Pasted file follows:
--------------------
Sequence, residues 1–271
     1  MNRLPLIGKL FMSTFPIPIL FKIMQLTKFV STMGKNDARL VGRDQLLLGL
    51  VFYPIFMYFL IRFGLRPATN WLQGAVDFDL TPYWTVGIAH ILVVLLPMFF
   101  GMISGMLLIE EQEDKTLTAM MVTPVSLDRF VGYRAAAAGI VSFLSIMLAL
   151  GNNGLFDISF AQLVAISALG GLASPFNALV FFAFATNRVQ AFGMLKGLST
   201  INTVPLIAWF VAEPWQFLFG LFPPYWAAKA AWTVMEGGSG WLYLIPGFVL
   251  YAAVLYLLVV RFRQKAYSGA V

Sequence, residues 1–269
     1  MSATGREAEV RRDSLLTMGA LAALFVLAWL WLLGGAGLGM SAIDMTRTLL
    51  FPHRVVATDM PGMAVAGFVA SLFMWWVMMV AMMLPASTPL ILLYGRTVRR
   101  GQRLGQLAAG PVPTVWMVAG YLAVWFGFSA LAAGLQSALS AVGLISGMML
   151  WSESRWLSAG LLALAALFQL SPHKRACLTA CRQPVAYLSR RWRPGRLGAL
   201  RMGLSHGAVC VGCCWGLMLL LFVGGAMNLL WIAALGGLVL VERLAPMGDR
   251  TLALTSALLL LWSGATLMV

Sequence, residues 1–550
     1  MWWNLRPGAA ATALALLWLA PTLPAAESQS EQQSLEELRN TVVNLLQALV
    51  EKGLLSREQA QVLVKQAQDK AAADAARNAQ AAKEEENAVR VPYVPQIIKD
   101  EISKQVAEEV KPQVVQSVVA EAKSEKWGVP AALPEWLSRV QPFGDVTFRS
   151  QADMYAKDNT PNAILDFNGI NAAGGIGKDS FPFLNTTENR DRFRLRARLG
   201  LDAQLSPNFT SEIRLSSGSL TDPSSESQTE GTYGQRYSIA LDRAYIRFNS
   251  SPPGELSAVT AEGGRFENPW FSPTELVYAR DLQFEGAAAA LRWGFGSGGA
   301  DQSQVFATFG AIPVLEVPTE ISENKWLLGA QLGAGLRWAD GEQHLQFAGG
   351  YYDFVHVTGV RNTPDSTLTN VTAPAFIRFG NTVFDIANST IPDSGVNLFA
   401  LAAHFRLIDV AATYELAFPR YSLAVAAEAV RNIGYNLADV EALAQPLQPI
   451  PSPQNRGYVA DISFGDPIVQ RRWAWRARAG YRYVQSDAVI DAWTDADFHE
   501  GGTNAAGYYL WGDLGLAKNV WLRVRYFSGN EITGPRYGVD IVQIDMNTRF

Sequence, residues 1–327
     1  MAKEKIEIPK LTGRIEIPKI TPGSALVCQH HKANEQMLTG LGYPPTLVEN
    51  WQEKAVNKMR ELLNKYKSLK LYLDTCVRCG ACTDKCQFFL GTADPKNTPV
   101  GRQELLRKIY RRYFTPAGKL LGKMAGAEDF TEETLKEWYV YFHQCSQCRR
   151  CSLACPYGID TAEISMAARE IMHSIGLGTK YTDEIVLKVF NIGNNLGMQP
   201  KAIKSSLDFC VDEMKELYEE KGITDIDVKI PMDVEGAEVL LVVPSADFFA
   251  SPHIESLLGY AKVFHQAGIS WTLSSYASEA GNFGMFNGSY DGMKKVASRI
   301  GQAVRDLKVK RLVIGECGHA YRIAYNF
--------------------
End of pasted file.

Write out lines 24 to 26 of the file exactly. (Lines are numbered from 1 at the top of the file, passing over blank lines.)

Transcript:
   401  LAAHFRLIDV AATYELAFPR YSLAVAAEAV RNIGYNLADV EALAQPLQPI
   451  PSPQNRGYVA DISFGDPIVQ RRWAWRARAG YRYVQSDAVI DAWTDADFHE
   501  GGTNAAGYYL WGDLGLAKNV WLRVRYFSGN EITGPRYGVD IVQIDMNTRF